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Godzilla by Jeff Gouda


He's big. He's mean. He won't let anyone stop him.

No, I am not talking about Rush Limbaugh at an all you can eat buffet. I am talking, of course, about the newest resident of New York City, Godzilla, making his first appearance on American shores in over 15 years. Unless you've been camped out on Monster Island, you know that Godzilla will be roaring into just about every theater under the rising sun this Memorial Day.

In Sony Pictures' interpretation of Japan's most beloved monster child, Mathew Broderick plays a scientist named Nick Tatopolis (named after Godzilla re-designer Patrick Tatopolis) who is recruited to help stop the gargantuan creature as he makes his way through the Big Apple. Joining him, in addition to countless military personnel, are an aspiring reporter and ex-flame, Audrey Timmonds (Maria Pitillo), a French insurance investigator, Phillippe (Jean Reno), and Sergeant O'Neal (Melrose Place's Doug Savant).

Godzilla himself is quite a sight. He is big, that's for sure, but what may surprise even the most die-hard Godzilla fans are some of his actions. He easily outruns helicopters that pursue him through the narrow streets of the city (I smell a video game). And he can burrow underground, making the task of tracking him a lot harder than one would think.

Until now, all we've really seen of the big lug were his feet. The marketing folks at Sony were wise to have kept his face hidden from the public for one simple reason: he's not Godzilla. He may share the name, but this new Godzilla will more than likely leave true G-fans disappointed.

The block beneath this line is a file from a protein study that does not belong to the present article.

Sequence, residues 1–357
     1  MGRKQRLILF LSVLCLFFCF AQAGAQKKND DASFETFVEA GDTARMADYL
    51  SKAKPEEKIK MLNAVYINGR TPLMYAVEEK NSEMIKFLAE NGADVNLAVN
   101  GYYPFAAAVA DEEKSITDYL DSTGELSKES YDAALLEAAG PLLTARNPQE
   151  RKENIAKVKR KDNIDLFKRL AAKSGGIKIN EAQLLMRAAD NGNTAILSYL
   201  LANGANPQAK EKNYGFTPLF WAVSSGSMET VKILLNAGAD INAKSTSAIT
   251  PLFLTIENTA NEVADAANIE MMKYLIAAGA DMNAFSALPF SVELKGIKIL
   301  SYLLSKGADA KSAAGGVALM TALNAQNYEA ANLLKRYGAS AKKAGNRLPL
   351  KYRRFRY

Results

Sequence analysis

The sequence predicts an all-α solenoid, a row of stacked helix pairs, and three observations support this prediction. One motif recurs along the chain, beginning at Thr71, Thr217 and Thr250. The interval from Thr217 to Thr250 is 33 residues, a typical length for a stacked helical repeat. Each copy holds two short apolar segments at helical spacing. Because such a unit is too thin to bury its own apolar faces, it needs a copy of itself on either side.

As an action film, Godzilla does deliver. Streets are uprooted, tanks are demolished, landmarks are destroyed (I won't even tease you with what happens to the Chrysler Building), and people run screaming through the streets. But we expected that. The film does pack a few surprises however, one involving Madison Square Garden, but these 'unexpected' occurrences all seem a bit familiar. During one sequence, I said to myself "Spielberg did the same thing, but better."

Godzilla films don't have a history of being rife with character development and plot. Don't get me wrong, there is always a plot. And it's almost always the same: stop Godzilla. This Godzilla doesn't take pains to veer from the archetype. After all, smashing cities is Godzilla's forte.

If you are looking for a mindless diversion, Godzilla should keep you and your family (yes, you can bring the kids-it's not scary) happy for a little over 2 hours. If you are a true Godzilla fan, as I am, you'll probably find yourself asking "King Ghidora, where are you when we need you?"

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